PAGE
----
PURA Syndrome EEG Research Study
In 2014, the first PURA patients were described in medical literature. Symptoms including severe neurodevelopmental delay, hypotonia, respiratory problems, feeding difficulties, hypothermia and seizures were reported in patients with PURA mutations. Epilepsy in particular is a concern in the development and treatment of patients, with seizure events reported in over 50% of diagnosed individuals.
An EEG (electroencephalogram) is a test used to find problems related to electrical activity of the brain. An EEG tracks and records brain wave patterns. Small metal discs with thin wires (electrodes) are placed on top of the scalp, and they send signals to a computer which records the results. Normal electrical activity in the brain makes a recognisable pattern (waveform). Through an EEG, researchers can look for abnormal patterns that indicate seizures from other non-epileptic movements.
The PURA Syndrome Foundation commenced a joint research collaboration with Danish Epilepsy Research Hospital (Denmark) and Maastricht University Medical Center and Academic Centre for Epileptology (The Netherlands) in 2018 to better understand epilepsy and general neurological issues occurring with PURA patients. In 2018, clinical data for a research paper on neurology genotype/ phenotype correlations for PURA syndrome was collected. This research paper is currently under draft.
For this next round of neurology research in 2019, the above research teams are collecting and studying EEG “raw data” (digital recordings of EEG waveforms) that have been previously recorded for PURA syndrome patients. Researchers hope to analyse existing EEG data from PURA patients and learn how PURA seizures start, spread, and stop. They aim to identify what are standard EEG patterns for PURA syndrome, what happens when seizures aren’t occurring, and how and why the pattern changes they see when seizures are present.
This means researchers will need to collect EEG data from both PURA patients with seizures, and PURA patients without seizures.
As such, all PURA patients who have had an EEG can be involved in this research, with or without epilepsy.
Patients who have already been published in another research paper can also be included.
To be included in this research, PURA families will need to have their neurologist send copies of the digital EEG files recorded during PURA patient testing, to the EEG research team.
PURA Syndrome Global
EEG Research Study
Supporting Institutions /
Danish Epilepsy Research Hospital (Filadelfia), Denmark
Maastricht University Medical Centre and Academic Centre for Epileptology (The Netherlands)
Temple University Philadelphia, USA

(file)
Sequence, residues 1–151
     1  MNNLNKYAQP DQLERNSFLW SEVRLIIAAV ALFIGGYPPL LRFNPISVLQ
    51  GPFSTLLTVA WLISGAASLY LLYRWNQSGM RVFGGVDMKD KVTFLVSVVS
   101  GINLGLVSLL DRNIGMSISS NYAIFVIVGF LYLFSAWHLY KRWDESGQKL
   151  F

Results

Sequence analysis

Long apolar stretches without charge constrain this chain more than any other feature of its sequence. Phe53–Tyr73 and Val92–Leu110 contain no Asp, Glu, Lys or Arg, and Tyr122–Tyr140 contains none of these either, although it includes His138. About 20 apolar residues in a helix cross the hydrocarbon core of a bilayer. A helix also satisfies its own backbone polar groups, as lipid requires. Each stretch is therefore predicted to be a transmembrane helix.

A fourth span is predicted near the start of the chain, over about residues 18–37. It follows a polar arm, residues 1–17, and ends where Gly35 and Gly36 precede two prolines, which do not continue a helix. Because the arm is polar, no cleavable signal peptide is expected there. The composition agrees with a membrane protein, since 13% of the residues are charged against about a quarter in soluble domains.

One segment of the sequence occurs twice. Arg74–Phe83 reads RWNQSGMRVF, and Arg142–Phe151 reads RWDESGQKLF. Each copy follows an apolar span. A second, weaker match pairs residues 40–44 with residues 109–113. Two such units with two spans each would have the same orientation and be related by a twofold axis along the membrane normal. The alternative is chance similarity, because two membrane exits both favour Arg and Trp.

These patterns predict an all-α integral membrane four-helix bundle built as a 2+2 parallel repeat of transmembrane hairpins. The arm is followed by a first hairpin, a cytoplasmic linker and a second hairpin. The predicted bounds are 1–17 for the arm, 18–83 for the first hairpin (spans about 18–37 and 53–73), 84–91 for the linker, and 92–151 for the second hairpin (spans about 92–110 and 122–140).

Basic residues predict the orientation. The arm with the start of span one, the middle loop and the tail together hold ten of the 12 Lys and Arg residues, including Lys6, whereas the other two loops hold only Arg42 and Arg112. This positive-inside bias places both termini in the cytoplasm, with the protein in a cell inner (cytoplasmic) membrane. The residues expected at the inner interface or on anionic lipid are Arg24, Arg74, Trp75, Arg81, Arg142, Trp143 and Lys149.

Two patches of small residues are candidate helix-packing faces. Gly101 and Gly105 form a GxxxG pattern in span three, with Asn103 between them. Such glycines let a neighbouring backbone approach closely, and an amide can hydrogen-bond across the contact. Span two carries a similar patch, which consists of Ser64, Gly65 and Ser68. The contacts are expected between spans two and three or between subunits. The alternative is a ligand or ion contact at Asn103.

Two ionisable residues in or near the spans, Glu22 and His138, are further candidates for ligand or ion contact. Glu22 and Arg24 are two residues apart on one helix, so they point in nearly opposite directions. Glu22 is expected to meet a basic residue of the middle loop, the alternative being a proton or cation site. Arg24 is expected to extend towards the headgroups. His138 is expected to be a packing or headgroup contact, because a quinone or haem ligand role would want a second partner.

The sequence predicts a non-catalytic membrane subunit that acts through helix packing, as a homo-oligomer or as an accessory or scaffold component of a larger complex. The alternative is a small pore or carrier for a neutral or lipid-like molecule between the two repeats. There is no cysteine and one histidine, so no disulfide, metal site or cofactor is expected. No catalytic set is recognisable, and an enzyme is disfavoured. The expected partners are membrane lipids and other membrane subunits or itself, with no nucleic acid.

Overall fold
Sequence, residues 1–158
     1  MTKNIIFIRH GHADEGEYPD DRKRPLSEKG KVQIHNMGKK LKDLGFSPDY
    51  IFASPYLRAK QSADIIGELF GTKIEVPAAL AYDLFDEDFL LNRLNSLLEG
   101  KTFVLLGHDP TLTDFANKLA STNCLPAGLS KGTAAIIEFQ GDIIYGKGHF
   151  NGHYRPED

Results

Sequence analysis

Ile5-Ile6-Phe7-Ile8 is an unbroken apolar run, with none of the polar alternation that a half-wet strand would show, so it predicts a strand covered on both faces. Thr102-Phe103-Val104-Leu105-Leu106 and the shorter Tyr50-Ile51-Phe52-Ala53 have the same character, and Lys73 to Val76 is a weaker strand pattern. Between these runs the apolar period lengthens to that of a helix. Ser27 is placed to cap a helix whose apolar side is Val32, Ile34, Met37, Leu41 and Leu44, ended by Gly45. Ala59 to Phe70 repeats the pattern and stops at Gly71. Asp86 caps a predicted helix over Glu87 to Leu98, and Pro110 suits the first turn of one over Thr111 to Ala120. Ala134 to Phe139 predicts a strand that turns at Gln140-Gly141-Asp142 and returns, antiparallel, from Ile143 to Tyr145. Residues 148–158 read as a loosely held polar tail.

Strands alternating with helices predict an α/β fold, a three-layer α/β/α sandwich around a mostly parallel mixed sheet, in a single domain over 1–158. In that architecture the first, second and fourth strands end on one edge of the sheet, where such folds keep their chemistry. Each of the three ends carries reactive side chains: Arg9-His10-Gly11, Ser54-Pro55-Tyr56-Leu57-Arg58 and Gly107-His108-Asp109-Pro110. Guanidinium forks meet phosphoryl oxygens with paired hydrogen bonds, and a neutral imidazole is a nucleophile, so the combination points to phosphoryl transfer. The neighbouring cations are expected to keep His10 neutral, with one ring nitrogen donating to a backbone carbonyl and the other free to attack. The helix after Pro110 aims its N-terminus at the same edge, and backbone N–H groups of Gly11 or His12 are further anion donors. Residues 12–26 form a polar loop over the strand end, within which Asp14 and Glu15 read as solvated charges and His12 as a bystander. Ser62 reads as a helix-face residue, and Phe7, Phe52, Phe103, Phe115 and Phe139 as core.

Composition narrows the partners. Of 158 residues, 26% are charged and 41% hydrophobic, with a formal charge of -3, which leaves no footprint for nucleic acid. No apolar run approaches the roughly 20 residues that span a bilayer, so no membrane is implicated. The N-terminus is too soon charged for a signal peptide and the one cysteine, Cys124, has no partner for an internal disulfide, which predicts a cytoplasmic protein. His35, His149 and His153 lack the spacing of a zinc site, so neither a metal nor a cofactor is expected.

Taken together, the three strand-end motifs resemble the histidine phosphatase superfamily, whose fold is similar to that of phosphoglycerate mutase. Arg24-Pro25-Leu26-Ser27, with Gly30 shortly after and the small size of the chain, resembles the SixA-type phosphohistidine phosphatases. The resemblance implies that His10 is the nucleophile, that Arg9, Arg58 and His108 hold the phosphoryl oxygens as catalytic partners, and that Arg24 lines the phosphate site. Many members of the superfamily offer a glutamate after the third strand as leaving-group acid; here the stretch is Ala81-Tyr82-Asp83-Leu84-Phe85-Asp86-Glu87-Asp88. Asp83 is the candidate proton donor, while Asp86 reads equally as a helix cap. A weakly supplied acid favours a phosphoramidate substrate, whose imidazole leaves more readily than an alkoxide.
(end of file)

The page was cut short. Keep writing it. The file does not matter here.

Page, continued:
PURA Syndrome Foundation
PURA syndrome families
The PURA Syndrome Foundation is supporting this research by providing access to the study for PURA syndrome families via this website and funding open access for research clinical papers resulting from the study.
Our mission is to serve, educate and fund research for families coping with the effects of PURA syndrome.
Do families have to take part?
Participation is entirely optional. As the parent or guardian of an affected child, we are asking you to make a decision on their behalf.
If you wish to be included in the study, please consider completing the form below.
This EEG research study involves:
Neurology studies of patients with PURA syndrome, known as clinical research.
Collection of existing EEG (electroencephalography) reports and data from PURA patients – including patients with and without epilepsy.
Comparison and analyses of existing EEG “raw data” (digital recordings of EEG waveforms).
Studying how PURA seizures start, spread, and stop in both human and animal models.
Studies of brain development and epilepsy for PURA syndrome.
While general clinical research has led to a greater understanding about the characteristics of PURA syndrome, there are still a lot of unanswered questions about how and why seizures and epilepsy develop, how they can best be treated and prevented. We hope that in gaining a clearer understanding of the epilepsy issues being faced by PURA patients, we can develop better care and treatment options long term for PURA syndrome children and adults.
If you decide to take part in this study, patient data collected by the Danish Epilepsy Research Hospital (Filadelfia), Denmark, and Maastricht University Medical Centre and Academic Centre for Epileptology (The Netherlands), will be exchanged between them in an anonymised form as part of the study.
Outcomes of this research may be shared in reports, publications and conferences.